Press Releases

Washington, D.C. – The Office of Management and Budget (OMB) recently approved a final regulation to lift a longstanding prohibition on Libyans coming to the U.S. to attend flight school, to work in aviation maintenance or flight operations, or to study or seek training in nuclear science. The final regulation has been approved by OMB and can be signed by the Department of Homeland Security (DHS) Secretary Jeh Johnson. 

The prohibition was originally put in place in the 1980s after the wave of terrorist incidents involving Libyans.  Not even two years after the U.S. consulate in Benghazi was attacked, which resulted in the deaths of four Americans, the Obama Administration justifies lifting this ban by claiming the United States’ relationship with Libya has since improved. However, the terror threat continues and numerous news reports document recent terror-related activities coming from Libya. Recently, the employees at the U.S. embassy in Tripoli were evacuated due to violence between rival militias near the facility. Since then, many foreign governments have closed their embassies in Libya and evacuated staff as the violence has spread throughout the country.

Earlier this year, the House Judiciary Committee’s Subcommittee on Immigration and Border Security and the House Oversight and Government Reform Committee’s Subcommittee on National Security held a joint hearing on this issue. Mr. Alan Bersin, who testified on behalf of DHS, promised to provide documents that are required under the regulation’s review process to the House Judiciary Committee. However, these documents were never provided to the Committee.  House Judiciary Committee Chairman Bob Goodlatte (R-Va.), Immigration and Border Security Subcommittee Chairman Trey Gowdy (R-S.C.), and Congressman Jason Chaffetz (R-Utah) issued the statements below criticizing the Administration’s policy reversal.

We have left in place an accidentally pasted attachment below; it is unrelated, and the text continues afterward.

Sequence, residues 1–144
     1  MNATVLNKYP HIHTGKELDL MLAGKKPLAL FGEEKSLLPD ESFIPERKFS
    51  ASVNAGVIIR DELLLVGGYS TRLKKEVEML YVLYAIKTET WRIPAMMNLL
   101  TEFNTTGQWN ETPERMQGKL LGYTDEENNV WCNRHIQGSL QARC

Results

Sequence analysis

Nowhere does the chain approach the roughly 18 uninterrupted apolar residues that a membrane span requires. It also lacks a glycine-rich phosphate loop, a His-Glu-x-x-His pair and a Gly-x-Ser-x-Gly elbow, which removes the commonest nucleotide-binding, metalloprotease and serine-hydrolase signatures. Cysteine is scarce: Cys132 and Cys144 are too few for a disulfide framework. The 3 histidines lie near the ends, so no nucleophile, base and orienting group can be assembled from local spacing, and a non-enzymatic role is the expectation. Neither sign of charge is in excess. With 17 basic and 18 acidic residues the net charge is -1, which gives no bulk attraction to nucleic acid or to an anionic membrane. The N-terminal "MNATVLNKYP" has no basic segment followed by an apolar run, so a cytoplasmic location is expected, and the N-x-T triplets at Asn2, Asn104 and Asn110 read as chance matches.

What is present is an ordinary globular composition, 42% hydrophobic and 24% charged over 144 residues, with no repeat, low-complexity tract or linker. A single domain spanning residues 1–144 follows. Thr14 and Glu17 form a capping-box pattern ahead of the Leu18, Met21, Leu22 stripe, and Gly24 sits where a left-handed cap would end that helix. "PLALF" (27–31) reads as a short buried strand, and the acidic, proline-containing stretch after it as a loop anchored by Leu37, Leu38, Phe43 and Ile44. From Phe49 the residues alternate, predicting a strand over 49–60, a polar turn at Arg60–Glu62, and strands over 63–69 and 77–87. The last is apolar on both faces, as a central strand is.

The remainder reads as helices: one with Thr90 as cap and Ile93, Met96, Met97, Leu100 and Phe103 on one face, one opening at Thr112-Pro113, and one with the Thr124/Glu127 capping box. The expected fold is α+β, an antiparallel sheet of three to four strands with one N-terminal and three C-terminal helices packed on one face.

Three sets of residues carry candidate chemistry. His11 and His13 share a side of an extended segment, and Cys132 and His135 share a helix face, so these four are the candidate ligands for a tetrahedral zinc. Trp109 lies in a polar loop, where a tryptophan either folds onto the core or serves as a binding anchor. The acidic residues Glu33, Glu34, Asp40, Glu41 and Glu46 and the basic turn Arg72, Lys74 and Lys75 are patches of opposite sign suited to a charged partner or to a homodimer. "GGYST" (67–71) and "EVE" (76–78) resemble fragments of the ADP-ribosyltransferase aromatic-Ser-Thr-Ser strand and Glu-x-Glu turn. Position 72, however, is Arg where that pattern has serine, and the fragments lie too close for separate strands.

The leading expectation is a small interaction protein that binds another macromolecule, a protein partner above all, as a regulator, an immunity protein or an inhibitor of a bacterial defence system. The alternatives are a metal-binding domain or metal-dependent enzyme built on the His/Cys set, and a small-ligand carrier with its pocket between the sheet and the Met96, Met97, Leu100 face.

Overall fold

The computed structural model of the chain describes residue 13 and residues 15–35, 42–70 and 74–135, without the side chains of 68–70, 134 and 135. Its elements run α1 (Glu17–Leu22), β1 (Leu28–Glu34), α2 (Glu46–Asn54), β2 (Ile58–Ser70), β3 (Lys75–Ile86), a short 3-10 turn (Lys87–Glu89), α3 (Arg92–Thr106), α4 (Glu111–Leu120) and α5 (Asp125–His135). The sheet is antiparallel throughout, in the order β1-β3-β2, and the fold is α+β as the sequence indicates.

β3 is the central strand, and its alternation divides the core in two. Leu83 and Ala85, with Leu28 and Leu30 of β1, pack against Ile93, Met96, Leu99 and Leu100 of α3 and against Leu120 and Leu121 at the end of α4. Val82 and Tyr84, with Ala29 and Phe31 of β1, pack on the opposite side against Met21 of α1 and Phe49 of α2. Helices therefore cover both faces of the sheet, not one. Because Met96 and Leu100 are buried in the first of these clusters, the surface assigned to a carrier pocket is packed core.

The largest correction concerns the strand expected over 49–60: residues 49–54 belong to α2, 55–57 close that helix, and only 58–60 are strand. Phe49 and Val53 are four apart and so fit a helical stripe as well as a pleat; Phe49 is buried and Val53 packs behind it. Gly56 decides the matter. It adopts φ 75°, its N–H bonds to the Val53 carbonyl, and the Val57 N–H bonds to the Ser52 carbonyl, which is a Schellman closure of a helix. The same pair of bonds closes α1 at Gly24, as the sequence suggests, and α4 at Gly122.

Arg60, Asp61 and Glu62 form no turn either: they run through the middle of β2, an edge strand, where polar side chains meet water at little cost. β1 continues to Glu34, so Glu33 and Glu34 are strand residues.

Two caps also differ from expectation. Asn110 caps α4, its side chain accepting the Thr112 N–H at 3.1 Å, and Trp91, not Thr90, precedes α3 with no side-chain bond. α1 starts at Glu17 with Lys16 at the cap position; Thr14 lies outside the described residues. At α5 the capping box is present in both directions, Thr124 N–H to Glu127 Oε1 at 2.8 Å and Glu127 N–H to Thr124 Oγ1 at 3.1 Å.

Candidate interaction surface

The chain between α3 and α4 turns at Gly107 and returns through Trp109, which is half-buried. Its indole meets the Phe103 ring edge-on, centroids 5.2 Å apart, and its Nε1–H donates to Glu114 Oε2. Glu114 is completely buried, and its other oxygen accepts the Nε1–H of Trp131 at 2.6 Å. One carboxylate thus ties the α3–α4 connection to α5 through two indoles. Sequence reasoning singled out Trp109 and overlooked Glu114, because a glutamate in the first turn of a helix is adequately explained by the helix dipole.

Chairman Goodlatte: “The Obama Administration is turning a blind eye to real terrorist threats that exist in Libya today by carelessly forging ahead with its plan to allow Libyan pilots and nuclear scientists to study in the United States. Just weeks ago, Americans working at the U.S. embassy in Tripoli were evacuated due to rival rebel groups battling each other for control of the area. And less than two years ago, the U.S. consulate in Benghazi was attacked by terrorists, leaving four Americans killed.

“The House Judiciary Committee has repeatedly sought information about the Administration’s policy reversal but political appointees at the Department of Homeland Security have stonewalled the Committee’s requests and have not articulated why it is in Americans’ best interests to change policy. Given the ongoing volatility in Libya, it is unconscionable and completely irresponsible that the Administration plans to lift a longstanding policy that protects Americans and our national security from threats in the region. I urge Secretary Johnson to stop this dangerous plan from taking effect.”

Subcommittee Chairman Gowdy: “The burden of proof for advocating a change in the status quo lies with the Administration. Is post-revolutionary Libya secure enough to change the rules? Why now? What evidence does the Administration have to assert the relationship between Libya and the US has indeed normalized? It is extremely concerning that DHS is moving forward with these plans, but has not provided information on the policy change despite repeated requests from Members.”

Congressman Chaffetz: “It is unbelievable that this Administration is willing to put Americans in harm’s way by lifting a decades-old security ban on a country challenged by instability. This makes no sense. None.  Recent events – such as the 2012 attack on our U.S. Consulate in Benghazi – do not indicate a nation where things have been ‘normalized.’  Rather they seem to be ingredients of a failed state in the making. Training Libyans in nuclear sciences and aviation maintenance overseas can be an effective alternative. I encourage DHS to consider options that ensure the safety and prosperity of both countries involved.”

 

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